Mind Map + Writeup: Working With System Dynamics

My P3 group is working on a game currently called “Congrats Grad!” that explores the complexities and often dysphoria of post-grad life. There is such a building up to the golden haze of graduating and celebrating all of your accomplishments that the crash afterwards ⁠— when you realize you now need to figure out life in the “real world” ⁠— can be significant and very disorienting. Decisions related to jobs, moving, etc. can seem straightforward in some cases, but at the time you really feel an urgency that anything you do will majorly determine the direction of your life and what kind of person you want to see yourself grow into. This pulls very much from both personal and friends’ experiences. In our case, we chose to focus more specifically on the moving aspect.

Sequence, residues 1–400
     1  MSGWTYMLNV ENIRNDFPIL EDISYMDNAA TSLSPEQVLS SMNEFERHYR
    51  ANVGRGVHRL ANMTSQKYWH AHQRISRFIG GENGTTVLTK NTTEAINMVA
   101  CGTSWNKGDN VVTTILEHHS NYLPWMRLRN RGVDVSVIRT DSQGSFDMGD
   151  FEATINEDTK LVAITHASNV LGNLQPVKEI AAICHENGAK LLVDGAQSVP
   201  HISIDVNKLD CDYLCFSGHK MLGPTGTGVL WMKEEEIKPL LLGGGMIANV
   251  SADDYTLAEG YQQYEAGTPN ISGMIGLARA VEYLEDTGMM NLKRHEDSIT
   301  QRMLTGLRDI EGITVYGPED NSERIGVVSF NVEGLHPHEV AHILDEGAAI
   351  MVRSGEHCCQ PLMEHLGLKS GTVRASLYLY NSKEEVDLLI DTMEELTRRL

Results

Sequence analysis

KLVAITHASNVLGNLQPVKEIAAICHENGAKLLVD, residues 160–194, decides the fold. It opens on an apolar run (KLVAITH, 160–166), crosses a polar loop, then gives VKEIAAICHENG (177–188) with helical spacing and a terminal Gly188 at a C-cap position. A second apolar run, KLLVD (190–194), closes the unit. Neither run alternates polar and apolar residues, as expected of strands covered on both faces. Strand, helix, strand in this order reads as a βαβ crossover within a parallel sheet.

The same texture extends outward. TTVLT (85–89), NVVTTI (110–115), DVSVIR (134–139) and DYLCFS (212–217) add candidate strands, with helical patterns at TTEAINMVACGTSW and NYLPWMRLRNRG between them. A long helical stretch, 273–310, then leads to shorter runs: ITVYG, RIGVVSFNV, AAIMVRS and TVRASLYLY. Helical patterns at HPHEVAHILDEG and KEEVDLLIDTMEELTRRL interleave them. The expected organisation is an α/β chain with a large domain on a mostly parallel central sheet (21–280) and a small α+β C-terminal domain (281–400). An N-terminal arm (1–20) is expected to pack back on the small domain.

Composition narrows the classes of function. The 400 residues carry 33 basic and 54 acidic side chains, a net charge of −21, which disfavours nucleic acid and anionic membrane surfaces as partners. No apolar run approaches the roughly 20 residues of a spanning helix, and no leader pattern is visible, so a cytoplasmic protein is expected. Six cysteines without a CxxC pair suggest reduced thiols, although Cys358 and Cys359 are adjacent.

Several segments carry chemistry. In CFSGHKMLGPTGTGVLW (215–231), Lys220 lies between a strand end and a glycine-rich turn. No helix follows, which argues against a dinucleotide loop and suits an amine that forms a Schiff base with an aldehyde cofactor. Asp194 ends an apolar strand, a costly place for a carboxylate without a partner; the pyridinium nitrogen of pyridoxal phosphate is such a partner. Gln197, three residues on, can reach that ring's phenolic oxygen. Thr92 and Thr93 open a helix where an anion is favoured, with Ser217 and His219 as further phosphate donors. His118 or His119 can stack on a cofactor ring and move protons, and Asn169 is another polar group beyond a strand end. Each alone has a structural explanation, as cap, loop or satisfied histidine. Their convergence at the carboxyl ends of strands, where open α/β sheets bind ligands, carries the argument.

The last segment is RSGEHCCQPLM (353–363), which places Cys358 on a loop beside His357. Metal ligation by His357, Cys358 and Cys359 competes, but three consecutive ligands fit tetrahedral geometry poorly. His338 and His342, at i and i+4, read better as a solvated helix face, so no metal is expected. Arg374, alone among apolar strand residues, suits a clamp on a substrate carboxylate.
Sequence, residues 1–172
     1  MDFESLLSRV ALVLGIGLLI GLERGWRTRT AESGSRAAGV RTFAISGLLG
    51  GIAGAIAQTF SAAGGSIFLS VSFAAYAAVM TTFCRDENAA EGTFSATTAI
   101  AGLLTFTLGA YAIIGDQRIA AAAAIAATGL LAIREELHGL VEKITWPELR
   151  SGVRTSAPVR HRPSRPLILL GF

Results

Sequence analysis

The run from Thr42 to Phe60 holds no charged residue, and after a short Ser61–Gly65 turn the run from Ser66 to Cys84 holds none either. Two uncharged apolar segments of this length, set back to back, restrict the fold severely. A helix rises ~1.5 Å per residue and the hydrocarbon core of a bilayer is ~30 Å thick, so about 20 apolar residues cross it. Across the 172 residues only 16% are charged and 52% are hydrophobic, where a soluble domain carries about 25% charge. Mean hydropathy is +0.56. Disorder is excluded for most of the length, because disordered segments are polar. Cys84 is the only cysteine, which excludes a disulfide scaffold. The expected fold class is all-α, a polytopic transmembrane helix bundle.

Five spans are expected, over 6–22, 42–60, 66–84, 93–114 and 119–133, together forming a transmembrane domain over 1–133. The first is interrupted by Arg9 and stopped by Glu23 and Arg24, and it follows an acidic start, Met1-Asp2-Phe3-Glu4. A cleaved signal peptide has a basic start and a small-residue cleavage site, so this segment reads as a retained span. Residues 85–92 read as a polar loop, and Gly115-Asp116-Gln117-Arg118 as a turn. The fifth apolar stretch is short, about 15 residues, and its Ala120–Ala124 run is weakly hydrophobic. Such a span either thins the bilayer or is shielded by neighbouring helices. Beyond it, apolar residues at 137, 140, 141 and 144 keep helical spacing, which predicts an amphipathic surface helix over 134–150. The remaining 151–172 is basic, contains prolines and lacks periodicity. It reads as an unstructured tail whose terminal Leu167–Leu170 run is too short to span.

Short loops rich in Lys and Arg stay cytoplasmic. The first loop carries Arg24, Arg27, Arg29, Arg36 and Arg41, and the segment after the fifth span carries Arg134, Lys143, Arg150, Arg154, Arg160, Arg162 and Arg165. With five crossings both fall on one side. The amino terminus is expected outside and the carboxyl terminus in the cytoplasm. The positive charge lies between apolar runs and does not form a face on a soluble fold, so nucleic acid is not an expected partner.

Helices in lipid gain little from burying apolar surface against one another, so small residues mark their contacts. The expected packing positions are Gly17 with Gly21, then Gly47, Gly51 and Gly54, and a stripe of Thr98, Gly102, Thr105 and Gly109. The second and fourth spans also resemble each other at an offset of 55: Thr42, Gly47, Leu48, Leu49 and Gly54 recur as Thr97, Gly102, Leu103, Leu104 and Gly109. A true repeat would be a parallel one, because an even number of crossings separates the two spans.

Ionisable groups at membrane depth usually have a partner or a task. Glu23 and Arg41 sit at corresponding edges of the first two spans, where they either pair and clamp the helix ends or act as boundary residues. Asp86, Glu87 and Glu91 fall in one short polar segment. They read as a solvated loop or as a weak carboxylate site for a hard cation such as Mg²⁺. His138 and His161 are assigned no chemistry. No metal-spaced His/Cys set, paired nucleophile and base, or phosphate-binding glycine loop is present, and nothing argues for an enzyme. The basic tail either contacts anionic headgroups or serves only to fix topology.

Given this, some of the values we’re hoping to explore include conceptions of autonomy / individuality, loyalty, ambition, and change. We have also chosen to frame our game in an RPG format, because we thought this reflected the emerging quality of this transitional stage in giving each player the creativity to explore unique scenarios, maybe grounded in their own experiences, within the primary “traits” we have defined. In this RPG format, the main loop manifests through turn-based storytelling of scenarios: for each player’s turn, they make a scenario, receive a difficulty / feasibility judgment (one kind of feedback), and then roll the dice to success or failure (another kind of feedback). This loop continues until the first player reaches 15 points. Based on the ethos of their particular group, the player may strategize ⁠— updating their mental model ⁠— as they get a feel for how the group tends to judge feasibility. The arcs (evocative content) can currently be seen as coming into play at three main points: first, when the player has finished rolling to build their persona, and gives a little introduction to their group; second, when the player succeeds in aligning their values to MOVE or STAY, thereby achieving focus in their direction; and third, when the game ends and the player delivers their post-grad story recap (whether winner or not).

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